Badiou on objects and relations (1): object-oriented vs relation-oriented

Badiou on objects and relations. Set-theory is object-oriented, category theory is relation-oriented.

For Badiou, Plato is object-oriented, and “imposes as norm, as proper object of true thought the real being of ideas, whereas Kant organises the thought of knowledge on the basis of relations”. Badiou argues that “on an objectivity in some sense unknown, the knowing subject operates by relational projection so that a coherent phenomenal world appears. But this phenomenal world is coherent on the basis of the rationality of relations, since the being in itself of this world is unknown to us, is beyond us” (“nous échappe”, we could translate this as “the being in itself of this world withdraws from us”). It is clear that in Badiou’s categorisation Graham Harman is relation-oriented in effect, even if he is object-oriented in intent.

Applying Badiou’s categories, we can see that Harman’s so-called “object”-oriented ontology is in fact relation-oriented, as the real object is behind the veil of unknowing (or veil of withdrawal). This is why I disagree with the necessity in the first chapter of his book of Wolfendale’s excellent summary of Harman’s ideas about relations between real objects and with his taking Harman’s “fourfold” seriously. The real object withdraws, period. All this talk about “molten cores” and the “excess” of the object, that cannot be “exhausted” by its encounters, is not a valid part of Harman’s core philosophy. It is part of the ad hoc adjustments necessary to reconcile, in appearance only, his esoteric ontology of withdrawn real objects with his exoteric “naive” ontology of known or experienced objects.

Graham Harman’s “ontology” is in fact at least three ontologies. Firstly, an exoteric “naive” ontology of objects as we experience and know them, declared by Harman to be “pure sham”. This is the ontology picked up by the artists and architects, especially when it is combined with the third ontology. Secondly, an esoteric ontology of unexperienced and unknown real objects. Thirdly, a metaphoric ontology with “molten cores” and shadowy allusions, bridging the gap between the withdrawn, unknown, and unexperienced real and the manifest, experienced and known sensual realm.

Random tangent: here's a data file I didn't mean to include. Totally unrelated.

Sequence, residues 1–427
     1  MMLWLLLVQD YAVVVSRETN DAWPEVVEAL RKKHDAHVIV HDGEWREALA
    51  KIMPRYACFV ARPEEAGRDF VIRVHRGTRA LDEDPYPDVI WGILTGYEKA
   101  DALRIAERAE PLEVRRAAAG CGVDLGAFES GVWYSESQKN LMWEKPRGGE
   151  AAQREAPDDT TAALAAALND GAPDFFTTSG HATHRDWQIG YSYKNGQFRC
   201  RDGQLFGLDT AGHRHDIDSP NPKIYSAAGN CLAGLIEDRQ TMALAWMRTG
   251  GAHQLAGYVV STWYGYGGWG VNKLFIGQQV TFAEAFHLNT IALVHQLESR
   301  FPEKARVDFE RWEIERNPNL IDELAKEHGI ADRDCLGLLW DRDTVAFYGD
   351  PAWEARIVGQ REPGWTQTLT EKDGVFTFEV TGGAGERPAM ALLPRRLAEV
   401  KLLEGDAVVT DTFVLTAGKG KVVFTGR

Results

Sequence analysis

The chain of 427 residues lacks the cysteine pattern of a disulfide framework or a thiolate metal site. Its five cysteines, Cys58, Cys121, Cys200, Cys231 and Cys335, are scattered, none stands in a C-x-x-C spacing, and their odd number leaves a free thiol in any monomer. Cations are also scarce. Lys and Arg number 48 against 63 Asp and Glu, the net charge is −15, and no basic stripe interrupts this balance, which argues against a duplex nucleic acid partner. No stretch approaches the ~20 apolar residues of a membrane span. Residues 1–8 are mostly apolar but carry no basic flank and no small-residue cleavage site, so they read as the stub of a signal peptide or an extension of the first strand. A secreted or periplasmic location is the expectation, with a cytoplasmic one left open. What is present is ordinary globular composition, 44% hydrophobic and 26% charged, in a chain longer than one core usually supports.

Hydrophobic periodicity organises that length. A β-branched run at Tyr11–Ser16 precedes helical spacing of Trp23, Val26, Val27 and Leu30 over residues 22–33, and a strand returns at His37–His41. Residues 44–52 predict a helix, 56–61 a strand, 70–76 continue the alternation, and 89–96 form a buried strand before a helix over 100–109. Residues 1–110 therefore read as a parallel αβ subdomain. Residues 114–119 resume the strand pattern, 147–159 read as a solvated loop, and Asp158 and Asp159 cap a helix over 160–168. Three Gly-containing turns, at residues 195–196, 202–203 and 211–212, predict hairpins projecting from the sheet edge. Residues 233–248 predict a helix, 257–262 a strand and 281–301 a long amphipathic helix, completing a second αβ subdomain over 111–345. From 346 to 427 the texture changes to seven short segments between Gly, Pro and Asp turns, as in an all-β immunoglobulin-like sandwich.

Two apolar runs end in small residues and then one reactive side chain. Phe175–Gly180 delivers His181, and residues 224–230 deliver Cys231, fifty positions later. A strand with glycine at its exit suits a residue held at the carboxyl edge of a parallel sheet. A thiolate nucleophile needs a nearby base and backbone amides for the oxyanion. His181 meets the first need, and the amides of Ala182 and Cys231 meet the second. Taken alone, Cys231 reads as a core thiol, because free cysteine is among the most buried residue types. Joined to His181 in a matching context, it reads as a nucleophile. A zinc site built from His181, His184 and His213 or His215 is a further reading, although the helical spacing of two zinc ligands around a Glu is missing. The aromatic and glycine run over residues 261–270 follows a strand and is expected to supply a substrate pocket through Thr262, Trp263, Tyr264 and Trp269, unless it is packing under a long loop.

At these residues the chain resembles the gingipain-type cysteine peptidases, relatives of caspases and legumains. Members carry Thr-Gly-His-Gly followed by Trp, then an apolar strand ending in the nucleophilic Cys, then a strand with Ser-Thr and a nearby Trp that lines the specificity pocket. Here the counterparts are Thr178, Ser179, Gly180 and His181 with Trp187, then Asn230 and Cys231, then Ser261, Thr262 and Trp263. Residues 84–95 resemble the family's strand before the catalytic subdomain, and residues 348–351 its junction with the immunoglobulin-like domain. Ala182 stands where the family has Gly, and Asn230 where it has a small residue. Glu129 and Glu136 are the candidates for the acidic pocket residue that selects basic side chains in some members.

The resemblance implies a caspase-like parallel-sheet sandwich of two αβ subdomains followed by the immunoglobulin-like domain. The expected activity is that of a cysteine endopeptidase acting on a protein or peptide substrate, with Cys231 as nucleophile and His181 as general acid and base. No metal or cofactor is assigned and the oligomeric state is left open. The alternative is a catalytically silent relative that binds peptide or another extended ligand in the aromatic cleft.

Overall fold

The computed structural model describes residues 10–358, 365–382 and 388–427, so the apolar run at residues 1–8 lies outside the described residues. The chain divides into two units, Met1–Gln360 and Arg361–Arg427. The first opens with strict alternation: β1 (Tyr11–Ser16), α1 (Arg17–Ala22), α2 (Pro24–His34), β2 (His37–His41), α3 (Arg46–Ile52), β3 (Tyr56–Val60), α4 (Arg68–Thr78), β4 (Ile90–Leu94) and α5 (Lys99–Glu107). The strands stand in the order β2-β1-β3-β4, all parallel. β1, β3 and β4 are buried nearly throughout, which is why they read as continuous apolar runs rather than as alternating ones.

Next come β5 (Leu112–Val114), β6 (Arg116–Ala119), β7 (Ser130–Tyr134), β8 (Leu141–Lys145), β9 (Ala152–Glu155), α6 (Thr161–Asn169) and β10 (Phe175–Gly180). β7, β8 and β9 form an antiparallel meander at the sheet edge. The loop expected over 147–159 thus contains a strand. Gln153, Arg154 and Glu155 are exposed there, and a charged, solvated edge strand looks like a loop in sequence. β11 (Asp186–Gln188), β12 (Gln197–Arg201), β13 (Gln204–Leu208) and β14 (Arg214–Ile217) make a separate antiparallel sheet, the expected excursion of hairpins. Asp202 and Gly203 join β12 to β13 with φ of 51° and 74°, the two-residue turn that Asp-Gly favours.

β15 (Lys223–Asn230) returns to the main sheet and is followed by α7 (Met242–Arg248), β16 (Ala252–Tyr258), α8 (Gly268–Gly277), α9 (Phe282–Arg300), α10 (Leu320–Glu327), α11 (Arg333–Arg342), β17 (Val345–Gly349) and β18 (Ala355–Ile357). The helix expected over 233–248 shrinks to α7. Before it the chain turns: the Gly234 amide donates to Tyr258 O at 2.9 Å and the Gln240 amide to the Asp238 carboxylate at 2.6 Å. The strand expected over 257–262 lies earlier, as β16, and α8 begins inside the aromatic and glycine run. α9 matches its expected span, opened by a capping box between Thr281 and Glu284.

“Between Plato and Kant we find again these two orientations: the priority of objectivity or the priority of the constitution of the known object by relations. It seems to me that the contemporary allegory of all that has also been the discussion on the foundations of mathematics. The creators of set theory seem to be in general philosophically oriented towards a realism of the object of thought. This was typically the case of Gödel. Category theory would orient us towards forms, that are disciplined and coherent, but nevertheless forms of relativism, because it proposes a geometry of relations subject to principles of variability, like elementary geometry itself in its different post-Euclidean possibilities. To help you understand this point, I think I will refer to the American mathematician Bell who has developped, in a polemical manner, in a book called TOPOSES AND LOCAL SET THEORIES. Local set theories, thus theoretical variability on the notion of set itself. Bell affirms at the same time the existence of several set theories, perhaps even of a virtual infinity of set theories, thus he affirms the indetermination of the concept of set itself, which radically de-objectifies, in a certain sense, the set theoretical universe”.

This is part of the later “allegorical” Badiou, who I find more inspiring than his objectivised technical set-theoretical avatar. For more on the allegorical Badiou, see my review of his CINEMA.

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